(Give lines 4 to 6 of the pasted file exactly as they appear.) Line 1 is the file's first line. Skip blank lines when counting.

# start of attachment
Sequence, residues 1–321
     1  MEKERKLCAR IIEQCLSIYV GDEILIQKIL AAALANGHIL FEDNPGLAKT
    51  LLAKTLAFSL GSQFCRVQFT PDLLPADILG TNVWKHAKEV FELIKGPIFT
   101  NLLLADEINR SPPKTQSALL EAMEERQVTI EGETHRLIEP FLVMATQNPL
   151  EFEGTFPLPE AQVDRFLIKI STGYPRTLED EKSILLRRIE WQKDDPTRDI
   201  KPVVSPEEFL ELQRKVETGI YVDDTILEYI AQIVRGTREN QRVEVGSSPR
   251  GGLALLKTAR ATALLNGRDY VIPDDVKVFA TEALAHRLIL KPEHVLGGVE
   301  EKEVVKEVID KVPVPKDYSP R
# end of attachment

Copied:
   101  NLLLADEINR SPPKTQSALL EAMEERQVTI EGETHRLIEP FLVMATQNPL
   151  EFEGTFPLPE AQVDRFLIKI STGYPRTLED EKSILLRRIE WQKDDPTRDI
   201  KPVVSPEEFL ELQRKVETGI YVDDTILEYI AQIVRGTREN QRVEVGSSPR